Being Away but Checking In

A Korn Ferry survey finds an overwhelming majority of employees plans to take longer-than-usual winter vacations. But they will checking in often, too.

Toothbrush? Pajamas? Socks? Check. A snazzy outfit for the soirée? Check. But this winter vacation, there’s one more item workers are packing in their suitcase: work.

A recent Korn Ferry survey reports that while the majority of professionals are planning a longer vacation than in years past, a whopping 67% say they will be checking in with the office at least once daily while they’re away—with 37% planning to do so multiple times daily. Experts say the downstream effects of the pandemic, along with the tough economy, have created a pent-up need for a proper break. “It’s the first time since 2020 where we aren’t under this dark cloud of COVID-19,” says Margie Warrell, senior client partner in Korn Ferry’s CEO Succession and Executive Development practice. At the same time, inflation and a possible recession have tied many vacationing professionals, who are worried about job security, to their work. “Macroeconomic conditions always play on the psyche of any employed worker,” says Deepali Vyas, Korn Ferry senior client partner and global head of FinTech, Payments and Crypto practice.

The survey’s findings are in sharp contrast with the vacation habits of last summer. This winter, 68% of professionals said they were planning on taking longer vacations than they did last year. In summer of 2022—the most recent previous vacation season—the majority of professionals said they would do the opposite: amid the peaking of a down economy, 63% said they would take a shorter vacation than they did the year before. Of course, a summer vacation is likely to be longer than a winter vacation, because of school schedules, but in relative terms, people today are more inclined to go away for longer. Which isn’t to say that career concerns don’t continue to weigh heavily. In a new practice known as “career cushioning,” many executives say that fear of layoffs has prompted them to look for a job while they’re still employed.

Even as their members take longer vacations, teams will still—more than ever—need to hit or exceed expected targets, as top executives are well aware. The onus falls on leaders to model and manage expectations for employees, says Warrell. She adds that leaders can mitigate productivity drops by communicating their own vacation agendas—saying something like, “I will be gone for two weeks, but I’m going to be checking emails once a day from 4 to 5 p.m.” Warrell cautions that staff need to be heard as well: it’s important for leaders to facilitate two-way conversations before employees go on leave. This allows team members a chance to share their vacation availability, she says, and “can help to manage expectations both ways.”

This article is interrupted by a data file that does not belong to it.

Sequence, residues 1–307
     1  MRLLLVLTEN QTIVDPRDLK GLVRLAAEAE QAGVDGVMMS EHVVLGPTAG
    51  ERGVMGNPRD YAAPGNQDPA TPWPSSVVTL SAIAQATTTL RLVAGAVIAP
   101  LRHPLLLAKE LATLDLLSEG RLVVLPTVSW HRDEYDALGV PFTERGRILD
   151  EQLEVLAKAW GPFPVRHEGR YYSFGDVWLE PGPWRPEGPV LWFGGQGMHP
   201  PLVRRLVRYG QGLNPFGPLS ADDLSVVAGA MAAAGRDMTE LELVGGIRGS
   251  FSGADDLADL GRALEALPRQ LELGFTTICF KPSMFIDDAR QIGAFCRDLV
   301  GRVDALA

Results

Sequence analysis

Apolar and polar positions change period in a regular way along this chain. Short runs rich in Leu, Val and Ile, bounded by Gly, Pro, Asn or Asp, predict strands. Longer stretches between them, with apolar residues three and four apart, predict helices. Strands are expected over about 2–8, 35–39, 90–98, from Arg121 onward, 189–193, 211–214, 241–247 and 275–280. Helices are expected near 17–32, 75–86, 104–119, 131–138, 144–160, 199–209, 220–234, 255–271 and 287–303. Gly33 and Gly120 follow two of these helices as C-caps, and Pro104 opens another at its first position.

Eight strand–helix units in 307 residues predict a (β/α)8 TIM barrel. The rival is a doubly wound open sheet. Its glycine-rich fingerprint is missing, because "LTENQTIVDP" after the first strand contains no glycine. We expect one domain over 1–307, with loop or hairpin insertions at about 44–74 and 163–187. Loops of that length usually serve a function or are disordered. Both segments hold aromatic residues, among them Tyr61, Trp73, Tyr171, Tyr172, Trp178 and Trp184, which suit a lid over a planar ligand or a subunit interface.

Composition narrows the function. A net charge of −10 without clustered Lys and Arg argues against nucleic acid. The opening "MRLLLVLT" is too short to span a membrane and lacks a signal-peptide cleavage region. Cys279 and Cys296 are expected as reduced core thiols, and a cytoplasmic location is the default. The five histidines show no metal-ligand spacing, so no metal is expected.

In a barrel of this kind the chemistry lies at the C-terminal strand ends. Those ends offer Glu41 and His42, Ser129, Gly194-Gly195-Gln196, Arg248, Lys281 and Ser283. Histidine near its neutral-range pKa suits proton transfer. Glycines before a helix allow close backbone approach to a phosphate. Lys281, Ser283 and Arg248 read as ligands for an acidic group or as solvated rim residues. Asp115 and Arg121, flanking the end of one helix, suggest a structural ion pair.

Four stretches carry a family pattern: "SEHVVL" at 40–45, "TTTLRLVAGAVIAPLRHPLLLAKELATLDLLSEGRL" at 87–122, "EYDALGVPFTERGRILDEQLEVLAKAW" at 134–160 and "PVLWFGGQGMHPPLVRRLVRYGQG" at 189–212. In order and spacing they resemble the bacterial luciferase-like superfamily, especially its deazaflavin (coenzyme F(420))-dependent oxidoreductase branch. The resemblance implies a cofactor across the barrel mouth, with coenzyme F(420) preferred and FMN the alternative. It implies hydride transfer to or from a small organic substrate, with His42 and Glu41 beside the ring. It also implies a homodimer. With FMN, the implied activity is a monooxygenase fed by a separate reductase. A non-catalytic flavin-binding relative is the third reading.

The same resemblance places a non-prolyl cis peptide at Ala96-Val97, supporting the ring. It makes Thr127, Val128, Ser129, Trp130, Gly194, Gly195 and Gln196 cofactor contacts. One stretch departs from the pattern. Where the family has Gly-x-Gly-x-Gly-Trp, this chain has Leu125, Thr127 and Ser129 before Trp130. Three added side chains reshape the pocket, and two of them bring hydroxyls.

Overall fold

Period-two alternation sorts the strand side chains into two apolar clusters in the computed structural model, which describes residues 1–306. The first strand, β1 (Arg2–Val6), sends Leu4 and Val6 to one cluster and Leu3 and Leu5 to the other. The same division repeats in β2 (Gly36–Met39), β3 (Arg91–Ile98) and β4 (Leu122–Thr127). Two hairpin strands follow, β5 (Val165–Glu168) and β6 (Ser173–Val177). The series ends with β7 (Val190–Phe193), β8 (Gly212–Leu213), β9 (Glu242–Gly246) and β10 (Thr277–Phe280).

The advent of remote work gives leaders another tool to leverage. While some top bosses consider off-site work to be detrimental to the bottom line, others can ask employees to put in a little elbow grease over the holidays by reminding them that they’ve been able to work from the comfort of their homes for the past two years. The key, says Vyas, is to communicate this potentially off-putting message with a measure of grace and empathy and a sense that “we’re in it together.” By mixing compassion with frank conversation, leaders can help underperforming employees not only meet their KPIs, but also protect their job security in the New Year.

People “always feel pressure” to perform, says Warrell, but it’s doubled during a difficult economy. On the one hand, leaders should do their best to avoid burning out their staffs; on the other, they should convey a realistic message: work will persist over the break and some people will need to manage it. A perfect work-life balance, for those who seek it, might be unrealistic in the short term, says Vyas, and only achievable in the aggregate. Things ebb and flow, she says: “Think about your career in terms of long-term balance versus reaching work-life balance on the daily.”